The Degeneration of a Hero: Macbeth

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The degeneration of a hero: Macbeth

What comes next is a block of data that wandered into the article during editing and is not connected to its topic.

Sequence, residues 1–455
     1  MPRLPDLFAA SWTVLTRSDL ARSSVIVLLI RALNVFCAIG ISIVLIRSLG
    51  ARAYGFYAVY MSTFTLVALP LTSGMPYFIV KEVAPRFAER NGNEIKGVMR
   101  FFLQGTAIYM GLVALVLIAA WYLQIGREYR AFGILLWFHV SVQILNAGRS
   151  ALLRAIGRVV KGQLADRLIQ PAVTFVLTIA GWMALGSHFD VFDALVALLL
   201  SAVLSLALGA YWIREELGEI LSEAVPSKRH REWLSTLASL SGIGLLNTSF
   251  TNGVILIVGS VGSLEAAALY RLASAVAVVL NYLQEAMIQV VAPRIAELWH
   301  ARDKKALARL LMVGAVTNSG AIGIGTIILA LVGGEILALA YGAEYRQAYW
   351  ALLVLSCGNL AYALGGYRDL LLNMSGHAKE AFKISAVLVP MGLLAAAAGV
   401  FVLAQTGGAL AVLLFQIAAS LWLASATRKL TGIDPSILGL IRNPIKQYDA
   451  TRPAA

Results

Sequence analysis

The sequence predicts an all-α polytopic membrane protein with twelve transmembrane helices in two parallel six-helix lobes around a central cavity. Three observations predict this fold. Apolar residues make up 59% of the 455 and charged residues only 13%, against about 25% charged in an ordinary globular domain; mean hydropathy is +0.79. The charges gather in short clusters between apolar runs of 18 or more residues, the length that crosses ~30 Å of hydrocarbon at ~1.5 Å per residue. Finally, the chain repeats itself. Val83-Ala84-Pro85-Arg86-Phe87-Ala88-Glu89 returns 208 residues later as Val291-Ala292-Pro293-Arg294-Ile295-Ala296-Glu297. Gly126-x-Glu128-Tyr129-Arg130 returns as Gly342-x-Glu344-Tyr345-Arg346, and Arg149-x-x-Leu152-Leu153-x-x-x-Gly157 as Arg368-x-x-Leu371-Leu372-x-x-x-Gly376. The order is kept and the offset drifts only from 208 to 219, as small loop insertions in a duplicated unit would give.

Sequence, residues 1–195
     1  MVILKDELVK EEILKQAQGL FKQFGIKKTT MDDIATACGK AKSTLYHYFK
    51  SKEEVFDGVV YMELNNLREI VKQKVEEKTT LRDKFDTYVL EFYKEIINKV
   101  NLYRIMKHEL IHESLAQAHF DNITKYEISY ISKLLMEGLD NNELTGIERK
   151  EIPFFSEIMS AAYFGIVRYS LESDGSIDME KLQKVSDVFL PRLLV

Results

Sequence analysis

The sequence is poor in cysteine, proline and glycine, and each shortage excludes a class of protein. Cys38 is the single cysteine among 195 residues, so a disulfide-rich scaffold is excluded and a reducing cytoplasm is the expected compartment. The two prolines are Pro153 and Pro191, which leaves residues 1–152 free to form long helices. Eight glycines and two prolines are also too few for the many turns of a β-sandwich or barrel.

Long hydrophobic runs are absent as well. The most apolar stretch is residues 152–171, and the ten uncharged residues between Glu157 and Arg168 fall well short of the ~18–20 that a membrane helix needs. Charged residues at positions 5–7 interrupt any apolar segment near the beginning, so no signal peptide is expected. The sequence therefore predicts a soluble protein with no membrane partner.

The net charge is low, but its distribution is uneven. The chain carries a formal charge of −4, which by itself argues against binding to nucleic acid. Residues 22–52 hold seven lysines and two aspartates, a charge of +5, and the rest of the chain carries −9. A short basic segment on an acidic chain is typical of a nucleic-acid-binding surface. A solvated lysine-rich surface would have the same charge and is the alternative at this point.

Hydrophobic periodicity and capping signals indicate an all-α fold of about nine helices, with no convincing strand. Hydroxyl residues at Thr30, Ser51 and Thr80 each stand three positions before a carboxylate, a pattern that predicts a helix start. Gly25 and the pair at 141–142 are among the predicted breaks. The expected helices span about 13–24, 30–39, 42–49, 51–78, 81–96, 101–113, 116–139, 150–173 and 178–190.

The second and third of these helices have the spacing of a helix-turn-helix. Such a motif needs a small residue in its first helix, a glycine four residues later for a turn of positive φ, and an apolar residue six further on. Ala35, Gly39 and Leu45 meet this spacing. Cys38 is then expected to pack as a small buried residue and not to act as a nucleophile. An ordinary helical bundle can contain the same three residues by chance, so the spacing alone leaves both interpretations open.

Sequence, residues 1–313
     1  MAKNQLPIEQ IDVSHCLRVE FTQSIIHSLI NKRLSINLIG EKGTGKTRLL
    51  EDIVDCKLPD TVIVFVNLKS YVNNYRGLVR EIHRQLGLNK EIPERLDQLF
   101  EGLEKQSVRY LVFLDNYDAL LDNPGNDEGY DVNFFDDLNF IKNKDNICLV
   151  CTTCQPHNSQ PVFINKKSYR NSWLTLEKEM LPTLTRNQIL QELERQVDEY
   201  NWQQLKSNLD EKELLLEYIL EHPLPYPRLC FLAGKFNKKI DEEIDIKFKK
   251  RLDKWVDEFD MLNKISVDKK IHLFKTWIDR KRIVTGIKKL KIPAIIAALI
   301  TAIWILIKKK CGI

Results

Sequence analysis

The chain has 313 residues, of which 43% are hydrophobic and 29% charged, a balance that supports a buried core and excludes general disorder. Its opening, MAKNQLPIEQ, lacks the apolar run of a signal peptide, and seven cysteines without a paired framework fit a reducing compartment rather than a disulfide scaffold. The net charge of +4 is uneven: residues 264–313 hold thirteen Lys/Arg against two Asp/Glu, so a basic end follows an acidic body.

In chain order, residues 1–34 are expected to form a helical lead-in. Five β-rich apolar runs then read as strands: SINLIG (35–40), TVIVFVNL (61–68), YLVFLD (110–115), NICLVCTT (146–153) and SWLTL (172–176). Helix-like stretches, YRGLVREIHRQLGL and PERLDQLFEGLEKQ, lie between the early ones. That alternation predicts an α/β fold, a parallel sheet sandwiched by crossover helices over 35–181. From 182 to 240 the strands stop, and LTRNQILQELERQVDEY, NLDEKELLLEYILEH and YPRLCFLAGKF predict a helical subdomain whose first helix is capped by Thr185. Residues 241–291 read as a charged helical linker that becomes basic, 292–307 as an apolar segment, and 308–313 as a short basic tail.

Aristotle once said, "The tragic hero must be neither villain nor a virtuous man, but a character between these two extremes.”[1] Such a person would be Macbeth, who begins as a highly respected thane by the King. However, due to the mystical prediction of the Three Witches and Macbeth’s unquenchable thirst for power, he determines to remove all obstacles standing in his way of becoming king. Shakespeare expresses his belief that anyone, from valiant hero to ruthless villain, can result in a fatal and tragic ending - or can they not? In Shakespeare’s Macbeth, the titular character is predominantly good, his greatness and bravery in battle for his country propels him to the title of a great thane. Unfortunately, he falls from prominence due to personality flaws that eventually lead to his self-destruction. His desire for becoming king weakens his integrity and he falls into the temptation of evil, which has fatal consequences. This reflects the moral message of the play: ‘Fair is foul and foul is fair”. (Shakespeare 1) The play embarks with showing us Macbeth’s portrayal as a man who has proven his courage and heroism in battle, forging the solution to all his problems with his own hands. The Captain even approaches the king, Duncan, to report about Macbeth’s vigilance saying he is a “brave [man who] well deserves that name.” (2) after he meets the traitor Macdonald and kills him single-handedly. His actions in the first scene emphasize the fact that Macbeth began as a loyal soldier, defending the King from those looking to abdicate his power. Due to this, he is also rewarded with the title, the Thane of Cawdor in addition to being the Thane of Glamis. This action demonstrates the King’s trust in Macbeth to handle increased responsibility. Through his bestowal of the title upon Macbeth, Duncan also displays strong favoritism towards Macbeth. “What he [Macdonald] hath lost, noble Macbeth has won” (4)....
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